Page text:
## Sigma Levels

Sigma Level | Defects Per Million Opportunities |
---|---|

1 | 690,000 |

2 | 308,537 |

3 | 66,807 |

4 | 6210 |

5 | 233 |

6 | 3.4 |

## Common Sense Calculations And Their Limitations

The common sense approach is to infer from the supplier’s past performance that each unit delivered is good with probability:

The next 1,000-unit lot is free of any defective with probability:

and therefore, a lot with at least one defective unit will occur on the order of once a year.

This simple logic, however, breaks down when we have observed *zero* defects, because, regardless of the lot size or the number of units you have already received, it gives you:

It doesn’t make sense, because we know that a perfect record does not guarantee a perfect performance on the next lot, particularly when the record is short, for example when you have received only one lot of 1,000 parts, as opposed to 1,000,000.

The key to resolving this dilemma is to start from the assumptions you make before you have received the first 1,000-unit lot from this supplier and refine them based on what you learn as you receive more. The assumption that all the numbers of defective lots from 0 to L are equally likely is called the *uniform prior*. If you start from the uniform prior, Laplace’s rule of succession is that the probability of having lot defect-free given that of the previous lots were defect-free is:

Going back to our example of 3 defective units out of 1 million received. They could have been all in the same lot, in two different lots, or in 3 different lots, the latter one being the most likely. In any case, we know from historical records which it was. If they were in 3 different lots and we plug in *c = 997* and *L= 1,000* into Laplace’s formula, we get *99.6%*, which closely matches the common-sense result above.

Unlike the common-sense formula, however, Laplace’s gives us answers for the zero defects case, regardless of how many lots we already received. For the first one, L = c = 0, we get *1/2*; for the second one, *2/3*; for the 1000th one, *1001/1002 = 99.9%*.

The probability for the next lot to be free of defects is 99.6%, and it rises slightly with the receipt of each new defect-free lot. At today’s level, it means that, on the average, 1 out of every 250 lots will contain one defective, and that it will occur, on the average, just above once a year. How much effort should you put into planning a response for a once-a-year event? Not much, perhaps, unless you apply control chart thinking and interpret the occurrence of a defective as proof that the supplier’s process has failed.

With the supplier’s performance as demonstrated over 1,000,000 units in the past three years, any defective in today’s lot is strong evidence that it is no longer performing at the same level, that the defective has an assignable cause, and that you should (1) issue a Quality Problem Report (QPR) to the supplier and (2) inspect all incoming units until you are confident that performance is back up.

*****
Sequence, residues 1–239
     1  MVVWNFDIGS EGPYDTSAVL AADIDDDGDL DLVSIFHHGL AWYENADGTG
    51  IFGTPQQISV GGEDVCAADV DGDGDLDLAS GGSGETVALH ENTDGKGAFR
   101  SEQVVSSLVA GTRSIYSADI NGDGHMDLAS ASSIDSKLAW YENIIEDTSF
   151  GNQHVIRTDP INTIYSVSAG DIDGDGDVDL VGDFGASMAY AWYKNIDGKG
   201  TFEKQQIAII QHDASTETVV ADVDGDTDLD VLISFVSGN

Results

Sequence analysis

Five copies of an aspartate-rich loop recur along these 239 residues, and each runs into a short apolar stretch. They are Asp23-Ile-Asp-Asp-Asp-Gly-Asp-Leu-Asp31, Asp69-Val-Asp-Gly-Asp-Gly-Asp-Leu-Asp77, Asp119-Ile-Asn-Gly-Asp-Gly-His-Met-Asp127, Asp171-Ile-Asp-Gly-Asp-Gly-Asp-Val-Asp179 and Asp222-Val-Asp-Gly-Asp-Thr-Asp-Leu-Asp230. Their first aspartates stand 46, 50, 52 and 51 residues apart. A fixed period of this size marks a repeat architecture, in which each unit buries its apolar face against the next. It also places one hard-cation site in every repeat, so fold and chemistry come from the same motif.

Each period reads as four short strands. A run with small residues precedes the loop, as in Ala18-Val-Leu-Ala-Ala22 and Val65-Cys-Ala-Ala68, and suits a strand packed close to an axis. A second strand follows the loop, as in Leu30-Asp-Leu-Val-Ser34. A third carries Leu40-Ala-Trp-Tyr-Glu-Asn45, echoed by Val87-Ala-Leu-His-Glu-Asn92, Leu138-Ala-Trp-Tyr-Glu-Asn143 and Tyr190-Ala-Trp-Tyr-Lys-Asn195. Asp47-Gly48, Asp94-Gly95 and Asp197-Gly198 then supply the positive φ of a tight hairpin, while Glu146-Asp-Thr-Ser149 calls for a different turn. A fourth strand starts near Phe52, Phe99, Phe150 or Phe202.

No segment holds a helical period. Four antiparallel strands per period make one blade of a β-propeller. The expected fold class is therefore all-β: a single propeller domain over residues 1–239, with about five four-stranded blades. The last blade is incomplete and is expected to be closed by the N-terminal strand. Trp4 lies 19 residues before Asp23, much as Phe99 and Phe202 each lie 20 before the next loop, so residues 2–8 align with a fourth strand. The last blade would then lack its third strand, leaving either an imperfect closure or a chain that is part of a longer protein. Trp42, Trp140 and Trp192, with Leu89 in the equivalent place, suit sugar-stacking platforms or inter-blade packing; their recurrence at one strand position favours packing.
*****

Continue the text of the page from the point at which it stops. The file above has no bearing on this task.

## Effect Of Sampling

To consider sampling we need to switch focus from the “true or false” of lots being defect-free or not to the number of defectives in a lot. If not intuitively obvious, Laplace’s rule of succession gives a formula that is easy to calculate but it is at the *macro* level of lots and it does not allow us to quantify the possible effect of inspecting a random sample from the new lot on the risk of passing defective units to production. For that, we need to work at the *micro* level of individual units within lots.

### The Formula

At this level, the *uniform prior* is that, before we knew better, to us, all fractions defective were equally likely. What we now know is that, over three years, we have received units from the supplier, of which were defective. Today, we received , of which are defective. Let’s find the probability that a lot sent on to production without any sampling is free of defectives, meaning . Then we’ll see if we can increase this probability by sampling.

We can base our thinking about the supplier’s process on Deming’s red bead experiment. Defectives and good units are mixed in an urn, and the supplier’s process is akin to pulling a paddle load of beads — a lot — from the urn. In our example, the urn contains 1,001,000 units. We have already pulled 1,000,000 beads, found three reds, and are wondering whether the remaining 1,000 are all white.

We wouldn’t think of an in-house manufacturing process this way, particularly if it is one-piece flow. Instead, we would view its output as a *sequence* of units, with the sequence itself carrying information about the process. This is why, as discussed above, we may do first-and-last-piece checking on a production run. On a supplier process, we usually do not have this level of information.

Let’s introduce a few notations:

- is the number of units on which we have full information.
- is the number of defectives found among the parts.
- is the size of the lot we just received.
- is the unknown number of defectives in the lot.
- is the probability that , given what we know.